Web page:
TWO FAINT LINES IN THE VIOLET
by Lissa Kiernan
Negative Capability Press, 112 pages
reviewed by Carlo Matos
Lissa Kiernan’s debut collection radiates, burns, and fluoresces like uranium glass, like a “bed of plutonium nightlights.” Many of the poems, especially in the first half of the book, focus on her father (“My father, my leather fetish, my motorcycle papa”) and deal largely with the grief she experiences as he dies from cancer. But these more intimate revelations are not allowed to remain solely in the realm of the personal, set off as they are by poems of a more political, or rather politically charged nature. These poems—some of which are found poems based on official documents and newspaper reports—indict the Yankee Rowe Nuclear Power Station for contaminating the town where her father lived in Massachusetts. The intrusion of the faceless other on the integrity of the human body—and the power plant is not the only example of this—gives these poems their unique and disturbing power.
For example, in “The River, My Father,” the very first poem in the book, Kiernan appears to have written a prose poem, but although it is a solid block of text, it is made up almost entirely of fragmented language further interrupted by the refrain, “My father.” Something sinister is hinted at in the Heraclitean slippages between the fragments and the refrain, and in “Fresh Plot,” we find out what that sinister something is. Her father says,
a nuclear power plant one mile upstream,
but not to worry—it is being decommissioned.
This reference to the real demon in the text is couched, very cleverly and tragically, as a total misunderstanding. It is because the plant is being decommissioned that her father will eventually develop a brain tumor. In “Disposal,” for instance, we get a much more sobering picture:
The floodgates of waste are opening.
1 in 10,000 will die
from radioactive exposure
during nuclear waste transportation.
Kiernan has a real gift for interruption. She knows just where to put the spaces, where to pause, and where stop us in our tracks. At regular intervals throughout the text, she introduces a page of white space with only a very short poem at the bottom left. I like this conceit enough that I think it is worth discussing in much greater detail. The first of these poems is a haiku that appears fourteen pages in. My assumption is that the white space on the page is meant to represent the space in her father’s brain or in his memory, or the interruption in time, caused by the brain tumor:
a bear breaking through
Then 13 pages later, we find another of these interrupting haiku poems. This tercet has a functional role to play as well as describing another absence—in this case the absence of the mother figure: “my mother’s/ lips—sotto voce.” The reader may wonder why the responsibility to care for her father fell to Kiernan, and it is because the parents are divorced. Kiernan informs us early on that her parents separated because her father realized late in life that he was gay. Later on in the book, however, these koan-like poems turn inward and focus on the speaker instead. The haiku become tanka poems, but they too focus on the space where fear fits and words run dry:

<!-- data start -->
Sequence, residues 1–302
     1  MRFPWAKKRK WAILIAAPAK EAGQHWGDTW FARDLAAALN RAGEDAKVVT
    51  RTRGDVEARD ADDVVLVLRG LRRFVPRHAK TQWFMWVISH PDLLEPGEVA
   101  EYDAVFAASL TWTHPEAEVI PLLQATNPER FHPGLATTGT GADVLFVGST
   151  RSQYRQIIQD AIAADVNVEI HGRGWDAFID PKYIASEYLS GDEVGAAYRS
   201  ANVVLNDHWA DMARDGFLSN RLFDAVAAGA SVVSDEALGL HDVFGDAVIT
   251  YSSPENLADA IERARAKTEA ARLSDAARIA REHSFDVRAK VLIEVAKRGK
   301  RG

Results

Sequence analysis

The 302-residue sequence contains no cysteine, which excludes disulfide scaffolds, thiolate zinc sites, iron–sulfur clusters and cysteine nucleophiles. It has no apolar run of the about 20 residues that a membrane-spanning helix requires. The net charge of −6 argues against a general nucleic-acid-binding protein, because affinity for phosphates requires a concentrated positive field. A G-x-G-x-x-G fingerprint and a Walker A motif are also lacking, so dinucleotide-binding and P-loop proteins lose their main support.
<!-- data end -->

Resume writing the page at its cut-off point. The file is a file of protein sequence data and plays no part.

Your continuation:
after being mugged
I swallowed my fear
can’t stop staring at your knife.
The mugging mentioned above appears in the second half of the book, which takes place in New York City. Kiernan admitted in an interview with Negative Capability Press that she was a “country mouse coming of age in, and coming to terms with, living in New York City,” but it occurs to me that the latter half of the book is also about the concept of transmission and is therefore a logical extension of the father poems. She titled part one, “The Daughter Element,” a term that describes what is left over once a radioactive element undergoes decay. As the epigraph explains, “The daughter may or may not be radioactive.” Up to this point, she has been the daughter, but in the poems “Conjuring Ada” and “Banishing Ada” we are introduced to her imagined daughter—imagined because she is yet to be born: “It isn’t hard to recognize the forecast on her face. / Once more, Mama’s belly will not rise, baby.”
Infertility is a major theme in part two, and I think it is more than implied that Kiernan wonders if her infertility might not be a legacy of the plant decommission, might not be a sign that she too is radioactive. In “Meltdown,” she says, “You’ve contaminated everything that was cherry blossoms” and concludes, “let me wear the hazmat suit.” And then there is another one of those interrupting poems—a sedōka poem—that mentions “Driftwood skeletons,” which invokes for me, at least, the lost child that never was. In “On Closure,” she faces this loss head on:
The crone, upon being asked
for her greater wisdom, tells me:
know when the time for a thing is over—
I teethe on this. It tastes true.”
But to focus only on loss is to do the book a disservice. There are many poems that show off Kiernan’s sly charm and tough girl attitude. In spite of the anguish she feels over losing her father, the hardships of the big city, and the loss of Ada, the speaker asks by book’s end to be returned to the river that ran by her father’s house, the same river mentioned in the first poem in the book: “I was born into this river. Into this river, spread my remains.” The last word, then, is one of reclamation, a reclamation that can be fittingly described in her own words as “the beautiful-terrible, the fortunate hazard.”
Carlo Matos has published four books of poetry. His latest, The Secret Correspondence of Loon and Fiasco is forthcoming from Mayapple Press. He has also published in many journals like Another Chicago Magazine, Iowa Review, PANK, and The Rumpus. Carlo teaches writing at the City Colleges of Chicago and is a former cage fighter. He blogs at carlomatos.blogspot.com